The center piece of the gospel of Matthew is when Jesus turned to Peter and asked, “Who do you think I am?” Pete responded, “You are the Messiah, the Son of the living God.” How did Peter know this? Jesus did not have the credentials. He was born in a back water town on the edge of the universe. There were rumors that his mother was pregnant before marriage. Who knew who the father might have been? Jesus did not go to seminary and was not even ordained to be a preacher. According to the IRS his income for the past year was zero. Yet Peter looked at Jesus and knew Jesus was unique.
Who are Jerry Wrenn, Mary Gurr, and Mike Fisher? Other than being members of Rockfish Presbyterian, what do they have in common? What qualifies them to be ordained as elders? While having a conversation with Jerry about becoming an elder he asked, “Do I have to be an elder to become a member of the session?” The question caught me off guard. He continued. “Elders are highly respected, highly learned, and highly religious folks. I am not sure I qualify.”
Jerry’s question has caused me to reminisce about some of my favorite elders of the past. None had much in common. Their biblical knowledge varied. Their station in life and occupations were dissimilar. Perhaps the only thing they had in common was the each believed Jesus to be the son of the living God. So for the sake of Jerry, Mary, and Mike, allow me a moment to tell you about them.
Perhaps my favorite was Grady. She proudly stood 4 foot ten and barely weighed 90 pounds and had the strongest heart of any one I have ever known. I dare not guess her age. I served communion to shut-ins with Grady for five years. Half the folks on our list were not church members. They were just folks Grady looked in on every week. Few of them had a friend in the world except Grady. But she was always there. In her first term as elder I can hardly remember Grady speaking a word yet when our Clerk retired Grady was unanimously chosen to replace him.
George was born into money. His mother owned and then sold the Coca-Cola plants that served all of Eastern North Carolina. George worked but he really didn’t need to. Because of this many folks suspected George incapable of making any important decisions. His words were usually overlooked at session meetings. In 1985 I decided to take an extended leave to volunteer for Witness for Peace in Nicaragua. This caused great concern among session members. After a lengthy discussion George stood up in the middle of the meeting and said, “I have no idea why Louie wants to do this but when he speaks I hear the words of Jesus. We need to support him.” End of discussion.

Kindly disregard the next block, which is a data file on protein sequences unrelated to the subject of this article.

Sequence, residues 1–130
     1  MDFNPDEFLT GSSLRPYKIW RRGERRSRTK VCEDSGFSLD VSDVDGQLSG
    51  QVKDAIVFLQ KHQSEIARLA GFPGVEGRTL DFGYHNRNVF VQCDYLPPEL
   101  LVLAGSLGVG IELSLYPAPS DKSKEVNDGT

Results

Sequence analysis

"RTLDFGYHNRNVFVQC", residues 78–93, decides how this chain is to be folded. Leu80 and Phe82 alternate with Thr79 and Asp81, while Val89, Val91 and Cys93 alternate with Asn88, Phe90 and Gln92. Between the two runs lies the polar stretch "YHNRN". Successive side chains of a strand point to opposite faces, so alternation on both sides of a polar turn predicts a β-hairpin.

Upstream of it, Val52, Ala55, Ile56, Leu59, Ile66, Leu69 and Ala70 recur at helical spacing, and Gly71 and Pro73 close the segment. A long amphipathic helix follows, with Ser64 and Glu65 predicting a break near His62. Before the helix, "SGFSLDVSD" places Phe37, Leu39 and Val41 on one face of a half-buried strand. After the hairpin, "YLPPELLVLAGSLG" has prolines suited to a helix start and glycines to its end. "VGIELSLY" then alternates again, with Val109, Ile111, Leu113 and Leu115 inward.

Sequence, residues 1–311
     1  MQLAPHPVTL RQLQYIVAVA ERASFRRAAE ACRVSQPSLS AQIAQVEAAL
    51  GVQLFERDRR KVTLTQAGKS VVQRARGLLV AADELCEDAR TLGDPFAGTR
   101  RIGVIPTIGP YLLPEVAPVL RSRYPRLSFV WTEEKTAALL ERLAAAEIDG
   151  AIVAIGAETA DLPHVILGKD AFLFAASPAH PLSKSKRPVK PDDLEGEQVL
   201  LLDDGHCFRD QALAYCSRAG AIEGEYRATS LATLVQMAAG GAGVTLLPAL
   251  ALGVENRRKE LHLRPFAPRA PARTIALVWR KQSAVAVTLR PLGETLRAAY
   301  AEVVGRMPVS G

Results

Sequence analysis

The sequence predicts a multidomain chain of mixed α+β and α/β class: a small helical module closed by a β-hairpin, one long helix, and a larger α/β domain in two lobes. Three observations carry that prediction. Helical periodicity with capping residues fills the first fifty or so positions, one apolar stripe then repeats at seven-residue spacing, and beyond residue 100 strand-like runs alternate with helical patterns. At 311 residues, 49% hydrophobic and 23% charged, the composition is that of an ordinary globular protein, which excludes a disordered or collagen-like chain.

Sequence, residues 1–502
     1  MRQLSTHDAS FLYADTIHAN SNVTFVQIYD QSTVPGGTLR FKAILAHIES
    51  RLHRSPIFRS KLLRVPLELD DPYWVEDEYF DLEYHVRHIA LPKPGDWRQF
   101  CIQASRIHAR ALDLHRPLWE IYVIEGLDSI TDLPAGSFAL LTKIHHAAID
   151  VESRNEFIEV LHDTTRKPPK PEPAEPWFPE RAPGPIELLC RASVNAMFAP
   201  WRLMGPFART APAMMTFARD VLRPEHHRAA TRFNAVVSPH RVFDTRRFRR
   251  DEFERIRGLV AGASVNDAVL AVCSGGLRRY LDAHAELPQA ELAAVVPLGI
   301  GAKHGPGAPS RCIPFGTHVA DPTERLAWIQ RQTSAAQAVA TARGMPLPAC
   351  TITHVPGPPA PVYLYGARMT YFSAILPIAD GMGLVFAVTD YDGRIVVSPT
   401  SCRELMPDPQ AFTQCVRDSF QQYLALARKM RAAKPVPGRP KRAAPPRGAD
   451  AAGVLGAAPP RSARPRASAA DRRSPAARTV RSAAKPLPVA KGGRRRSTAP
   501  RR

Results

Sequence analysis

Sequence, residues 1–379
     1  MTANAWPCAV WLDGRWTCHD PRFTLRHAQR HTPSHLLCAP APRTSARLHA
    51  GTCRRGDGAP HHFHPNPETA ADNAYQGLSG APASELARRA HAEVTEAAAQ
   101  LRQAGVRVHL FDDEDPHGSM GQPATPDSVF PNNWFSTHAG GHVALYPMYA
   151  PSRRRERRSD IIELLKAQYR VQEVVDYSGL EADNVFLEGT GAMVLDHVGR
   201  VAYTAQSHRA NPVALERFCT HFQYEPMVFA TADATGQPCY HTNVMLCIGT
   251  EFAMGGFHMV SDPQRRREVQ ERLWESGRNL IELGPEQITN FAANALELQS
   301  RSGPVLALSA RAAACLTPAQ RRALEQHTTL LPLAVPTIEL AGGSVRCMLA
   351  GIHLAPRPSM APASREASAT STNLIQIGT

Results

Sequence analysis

Doug was a mess. When his grandmother brought him to church and we cringed. Doug was a bull in a china closet. And then he started to grow. When he reached the age of 16 he was the starting guard on the varsity football team and chief disrupter in our youth group. He stumbled and bumbled through everything and everyone. But Doug loved his church. If the doors were open Doug was there. His senior year in high school he was nominated to be a session member. He told me one of the reasons he went to the local college was so he could complete his term as a session member. Today Doug is a principal at a high school in Dallas, Texas. He is both an elder and leader of the youth program in his church.
Rebekah was born into the church. Her father was a minister. She was persuaded to attend a Presbyterian College. She earned her Master’s in Christian Education and worked in churches as a Christian Educator and specialized in working with Children and youth. She was great at what she did. She loved the church, she loved worship, but it was not until late in her career that she was even considered for the position of elder. Sometimes our blindness keeps us from nominating the most obvious choices.
We too often assume there is a cookie cutter approach to picking elders. It used to be assumed you had to be a male and at least 50 years of age. A person’s occupation often determined who was selected. Sometimes we make the mistake of picking folks because of their status in the community or a unique skill set they possess that might have nothing to do with being an elder. I have always found the best elders are those who see beyond themselves. The best elders are the ones who claim Jesus as Son of God and might not fully understand what that means. The best elders are often the folks we overlook. But when put in the position to serve Christ, they shine.
I am not sure what kind of elder Mary, or Jerry, or Mike will became. But someone in this congregation saw something and nominated them. In private conversations and prayer, they decided to serve. Then you as a congregation showed your confidence by voting for them. Who do we think Mary and Mike and Jerry are? They are elders, children of the living God.
Let’s pray for them, let’s listen to them, and let’s be patient with them as they work toward being as worthy as Grady, Doug, George, and Rebekah.